Guam's church leader says referendum bill a 'one-sided campaign for abortion'
By Mar-Vic Cagurangan
The proposed referendum to let Guam voters decide on the island’s reproductive policy is a misleading proposition, according to the apostolic administrator of the Archdiocese of Agaña, who described the legislation as “one big ‘commercial’ for abortion.”
Testifying against Bill 106-37, Father Romeo D. Convocar said while it “masquerades” as a neutral motion, the proposal actually endorses abortion.
Introduced by Sen. Thomas Fisher, Bill 106-37 seeks to put the abortion question on the ballot in the next general election “to provide Guam voters the power to decide on reproductive rights.”
If Bill 106-37 is signed into law, voters would be asked: "Shall the Reproductive Health Protection Act of 2023, as recited herein and below, be enacted into Guam law?"
If approved by the majority of voters, the accompanying measure would automatically become law.
The “Reproductive Health Protection Act of 2023” would “allow health care providers to provide abortion services without limitations.”
The proposed law would lift any “requirements that single out abortion services for restrictions that are more burdensome than those restrictions imposed on medically comparable procedures and do not significantly advance reproductive health or the safety of abortion services and make abortion services more difficult to access.”
But Convocar said Bill 106-37 attempts to hide its real purpose.
“In its title and introduction, it dangles the idea of a referendum as a tool for people to decide. However, this is but a small piece of the proposed legislation,” Convocar said in his written testimony. “The rest of the bill is a one-sided campaign promoting unrestricted abortion on Guam. It’s like one big “commercial” for abortion.”
Instead of inserting an abortion proposal into the legislation, the church leader said the bill should discuss both sides of the debate.
Convocar said Bill 106-37 is a duplicate of Sen. Will Parkinson’s Bill 111-137, which seeks to expand abortion services on Guam by removing current prerequisites and requirements such as in-person consultation with a physician prior to obtaining an abortion.
“As we stated in a message to our faithful last August, in contrast to telemedicine and the prescribing of abortion pills, in-person contact is important because it helps women who are under distress and are in need of face-to-face consultation with vital, complete information about such a procedure that is extremely life-altering, often disastrous for them, aside from the devastation of the fetus,” Convocar said.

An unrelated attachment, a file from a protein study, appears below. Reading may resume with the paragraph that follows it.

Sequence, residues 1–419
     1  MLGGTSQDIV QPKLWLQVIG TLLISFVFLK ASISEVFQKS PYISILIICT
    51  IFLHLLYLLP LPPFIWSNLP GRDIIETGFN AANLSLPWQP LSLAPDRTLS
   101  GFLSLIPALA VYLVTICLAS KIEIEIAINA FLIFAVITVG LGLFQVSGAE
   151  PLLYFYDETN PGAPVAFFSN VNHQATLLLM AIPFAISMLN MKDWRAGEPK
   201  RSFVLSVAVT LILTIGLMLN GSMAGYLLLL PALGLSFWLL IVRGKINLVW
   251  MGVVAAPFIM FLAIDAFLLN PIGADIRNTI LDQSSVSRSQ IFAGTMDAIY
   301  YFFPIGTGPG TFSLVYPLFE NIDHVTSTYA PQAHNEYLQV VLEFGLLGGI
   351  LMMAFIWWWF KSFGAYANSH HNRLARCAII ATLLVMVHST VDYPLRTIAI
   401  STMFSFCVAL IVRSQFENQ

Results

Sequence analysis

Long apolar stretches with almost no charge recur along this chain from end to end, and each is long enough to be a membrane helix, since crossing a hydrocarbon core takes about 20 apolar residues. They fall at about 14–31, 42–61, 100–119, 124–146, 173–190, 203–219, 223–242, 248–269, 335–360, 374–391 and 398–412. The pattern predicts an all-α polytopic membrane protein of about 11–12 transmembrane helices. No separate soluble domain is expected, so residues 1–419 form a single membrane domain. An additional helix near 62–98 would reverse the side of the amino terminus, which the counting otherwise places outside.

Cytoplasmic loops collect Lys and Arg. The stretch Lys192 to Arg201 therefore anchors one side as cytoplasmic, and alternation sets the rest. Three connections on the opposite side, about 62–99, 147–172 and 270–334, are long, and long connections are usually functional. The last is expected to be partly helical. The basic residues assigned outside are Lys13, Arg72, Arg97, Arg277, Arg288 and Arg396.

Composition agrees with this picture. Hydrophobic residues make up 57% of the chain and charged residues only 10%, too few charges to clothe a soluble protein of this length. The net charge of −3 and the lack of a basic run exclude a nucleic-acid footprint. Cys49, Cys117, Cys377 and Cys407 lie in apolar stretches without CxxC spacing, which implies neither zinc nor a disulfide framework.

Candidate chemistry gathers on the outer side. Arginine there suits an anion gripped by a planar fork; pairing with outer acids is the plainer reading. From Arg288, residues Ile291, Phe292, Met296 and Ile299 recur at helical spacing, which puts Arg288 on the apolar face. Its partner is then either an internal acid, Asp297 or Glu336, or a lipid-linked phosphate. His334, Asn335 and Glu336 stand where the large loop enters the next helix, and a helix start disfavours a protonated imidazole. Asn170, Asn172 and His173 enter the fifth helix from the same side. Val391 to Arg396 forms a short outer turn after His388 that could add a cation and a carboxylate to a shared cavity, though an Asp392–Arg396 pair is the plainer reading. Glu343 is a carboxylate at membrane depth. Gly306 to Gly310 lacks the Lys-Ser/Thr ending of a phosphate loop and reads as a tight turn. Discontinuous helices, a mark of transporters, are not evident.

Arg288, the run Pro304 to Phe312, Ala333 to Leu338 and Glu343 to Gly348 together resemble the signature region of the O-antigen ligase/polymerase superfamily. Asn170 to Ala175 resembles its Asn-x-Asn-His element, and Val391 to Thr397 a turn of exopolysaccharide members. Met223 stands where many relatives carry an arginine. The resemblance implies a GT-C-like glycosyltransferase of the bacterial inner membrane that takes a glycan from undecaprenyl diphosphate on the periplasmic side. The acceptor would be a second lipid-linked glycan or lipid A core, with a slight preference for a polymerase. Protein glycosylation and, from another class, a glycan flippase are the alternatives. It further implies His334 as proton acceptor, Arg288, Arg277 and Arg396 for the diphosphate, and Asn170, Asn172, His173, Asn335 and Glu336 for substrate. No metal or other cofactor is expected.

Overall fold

“This face-to-face consultation can often save women and girls from a lifetime of regret. We care not only for the unborn but for the mother, as well,” he added.
While the church is typically expected to oppose abortion, Convocar said advocating for “the protection of unborn children” is not exclusively a religious position.
“Each time the Catholic Church or other churches publicly speak up for innocent babies in the womb, we are criticized by some who argue that we should not try to impose our religious beliefs upon others,” he said.
“There are many people who are not religious, not members of a church or do not even believe in God who fully understand and passionately defend the right of the unborn to live,” Convocar said.
“They understand this truth: That all human beings have an inalienable right to live, grow and pursue their full potential as members of our society. Like Christian pro-lifers, secular or atheist pro-lifers are horrified about the taking of the lives of viable children in the womb,” he added.
Pointing out that “moral law overrules man-made laws,” Convocar said he was “saddened” by the senators’ bid to rewrite existing abortion laws on Guam “to make access to abortion more wide-sweeping and free of restrictions, limitations and important requirements.
“What is naturally and morally wrong, remains so despite some people’s attempts to rationalize or justify otherwise,” he said.